Another problem with the book is the dad. We are told he used to be a loving father until Scarlett's mother left them, and this somehow turned him into a villain who tortures his daughters and kills people when they disobey. Yeah, right. I could see the dad being angry, depressed, detached, cold, indifferent, you name it. But an abusive father? I don't buy it. You don't become an abuser because your wife leaves you unless you were an abuser to begin with.

This book's biggest downfall, however, is its plot. Caraval is supposed to be this highly coveted, magical and whimsical game, but it was more along the lines of a bland scavenger hunt where all clues and answers conveniently fall into Scarlett's lap, and all the other players are irrelevant background fillers, thus robbing the story of any sense of competition, urgency or tension. All Caraval brings to the table is confusion and lies.

Bottom line: it's interesting and confusing enough to keep you invested in the story--and the characters are likable--but when all is revealed at the end, you might feel a little miffed.

7 of 7 people found this review helpful

  • Overall
    2 out of 5 stars
  • Performance
    3 out of 5 stars
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    1 out of 5 stars

I would not let my kids read this

I have never (and I've read the Twilight series AND fifty shades) read a book with such a nonfeminist message disguised as a story about a "powerful" young woman- in reality she is completely man-obsessed and lives her life pathetically passing from one man to another. The characterization in this story is painful to the point of raucous laughter at inopportune moments; the main character is nothing but PATHETIC. What happens to her is neither interesting (how can a fantasy book be so boring?) nor well thought out, and I'm frankly appalled that this book was even published. The narrator has a taste for melodrama, and consequently fake-sobs lots of heart-wrenching "nooooooooos" whenever someone "dies". If you want to keep your brain cells, don't listen to this book.

7 of 7 people found this review helpful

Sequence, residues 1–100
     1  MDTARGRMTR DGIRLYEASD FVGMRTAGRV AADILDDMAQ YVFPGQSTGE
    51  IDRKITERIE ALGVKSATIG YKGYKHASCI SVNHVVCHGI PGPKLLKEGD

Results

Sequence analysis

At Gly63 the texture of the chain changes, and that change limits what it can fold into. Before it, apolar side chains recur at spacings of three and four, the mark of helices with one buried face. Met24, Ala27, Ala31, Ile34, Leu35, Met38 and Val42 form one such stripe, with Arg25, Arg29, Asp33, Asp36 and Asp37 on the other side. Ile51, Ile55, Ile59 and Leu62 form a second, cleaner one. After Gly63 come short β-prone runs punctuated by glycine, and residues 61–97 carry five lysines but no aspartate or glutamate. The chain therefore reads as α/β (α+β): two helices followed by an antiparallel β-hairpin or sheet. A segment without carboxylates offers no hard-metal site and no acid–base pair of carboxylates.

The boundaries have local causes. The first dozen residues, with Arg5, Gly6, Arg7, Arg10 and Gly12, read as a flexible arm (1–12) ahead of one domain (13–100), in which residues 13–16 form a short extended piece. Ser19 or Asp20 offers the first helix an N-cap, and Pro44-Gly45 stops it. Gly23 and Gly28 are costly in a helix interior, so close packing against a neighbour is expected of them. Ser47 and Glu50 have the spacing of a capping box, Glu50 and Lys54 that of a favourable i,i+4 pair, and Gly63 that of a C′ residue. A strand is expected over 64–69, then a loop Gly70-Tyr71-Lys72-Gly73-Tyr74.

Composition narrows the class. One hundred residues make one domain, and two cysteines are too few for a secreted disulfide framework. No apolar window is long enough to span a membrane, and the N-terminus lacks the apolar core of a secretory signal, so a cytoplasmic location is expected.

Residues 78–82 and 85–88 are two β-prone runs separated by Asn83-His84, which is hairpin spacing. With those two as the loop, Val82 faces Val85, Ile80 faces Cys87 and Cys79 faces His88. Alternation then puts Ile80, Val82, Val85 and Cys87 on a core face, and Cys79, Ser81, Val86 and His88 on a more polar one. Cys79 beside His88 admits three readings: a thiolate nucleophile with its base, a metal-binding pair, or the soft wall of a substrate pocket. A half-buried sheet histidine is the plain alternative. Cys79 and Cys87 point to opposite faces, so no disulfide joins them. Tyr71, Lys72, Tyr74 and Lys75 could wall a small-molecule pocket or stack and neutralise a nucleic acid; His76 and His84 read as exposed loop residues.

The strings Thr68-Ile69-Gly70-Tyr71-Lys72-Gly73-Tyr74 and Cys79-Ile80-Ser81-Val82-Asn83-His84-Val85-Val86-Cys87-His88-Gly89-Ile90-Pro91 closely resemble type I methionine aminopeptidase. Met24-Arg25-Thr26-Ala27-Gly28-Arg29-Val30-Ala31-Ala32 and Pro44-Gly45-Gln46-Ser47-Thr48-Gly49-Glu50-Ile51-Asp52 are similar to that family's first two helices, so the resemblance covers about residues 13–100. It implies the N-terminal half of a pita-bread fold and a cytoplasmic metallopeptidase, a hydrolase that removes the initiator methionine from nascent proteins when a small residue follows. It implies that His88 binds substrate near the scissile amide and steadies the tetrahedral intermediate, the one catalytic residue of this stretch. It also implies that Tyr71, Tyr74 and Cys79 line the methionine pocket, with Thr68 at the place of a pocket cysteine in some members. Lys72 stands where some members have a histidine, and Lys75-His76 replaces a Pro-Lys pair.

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    2 out of 5 stars
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    2 out of 5 stars
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    2 out of 5 stars

While many will love it, I did not.

I couldn't connect to the writing, the world, or the characters. Contains weird metaphors like "tasted like midnight" and "was the color of lost things". The world of Caraval was mostly lackluster with a few magical locales thrown in. Definitely not anything that swept me away. The romance felt forced and very angsty. Best thing about it was the premise, but sadly it just didn't deliver.

7 of 7 people found this review helpful

  • Overall
    1 out of 5 stars
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    5 out of 5 stars
  • Story
    1 out of 5 stars

Dreadful Drivel

While the narrator is wonderful, I felt bad for her having to read hours of this awful crap. This story is overwritten, full of stock characters, paper-thin plot devices and cliches of every description. Please do not bother.

7 of 7 people found this review helpful

  • Overall
    2 out of 5 stars
  • Performance
    4 out of 5 stars
  • Story
    1 out of 5 stars

Ho hum

The story and main character were insipid and predictable. There was promise, but this book never really delivered.

6 of 6 people found this review helpful

  • Overall
    1 out of 5 stars
  • Performance
    2 out of 5 stars
  • Story
    1 out of 5 stars

Ugh

I lost interest very very fast and the story wasn't worth the hype at all

6 of 6 people found this review helpful

  • Overall
    3 out of 5 stars
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    3 out of 5 stars
  • Story
    2 out of 5 stars

I believed the hype and it fell short for me

I like the story from the beginning to caraval. Then things seem to be on an even plane from there. It was predictable and repetitious. The journey reminded me of Alice in wonderland. It wasn't as magical as I thought it would be. I would say more trippy than magical. I was looking for it to get better, but it never did. I believed the hype, but as some have stated, the story fell a bit flat. Ending was meh, I wanted more.

6 of 6 people found this review helpful

  • Overall
    2 out of 5 stars
  • Performance
    3 out of 5 stars
  • Story
    1 out of 5 stars

Wants to be the Night Circus, but misses the mark.

I took a chance on this book after seeing fans of The Night Circus also enjoyed it. I wish these books had more in common than flowery descriptions. Throughout, Caraval is described as a magical place, but the author fails to follow through on the wonder and imagination. The wilting female protagonist heaves and sighs her way to a predictable, flat ending.

Narration wasn't anything out of the ordinary, though I tired of listening to her reedy wailing every time the protagonist cried 'Nooooooo!' Fans of The Night Circus, move along.

6 of 6 people found this review helpful

  • Overall
    1 out of 5 stars
  • Performance
    1 out of 5 stars
  • Story
    1 out of 5 stars

Whoops!

This book was NOT For me. Silly, shallow plot line and one-note, "petulant" narrator drove me mad. I made my choice based on Audible's recommendation. Stuck with it just because. Putting this one behind me.

6 of 6 people found this review helpful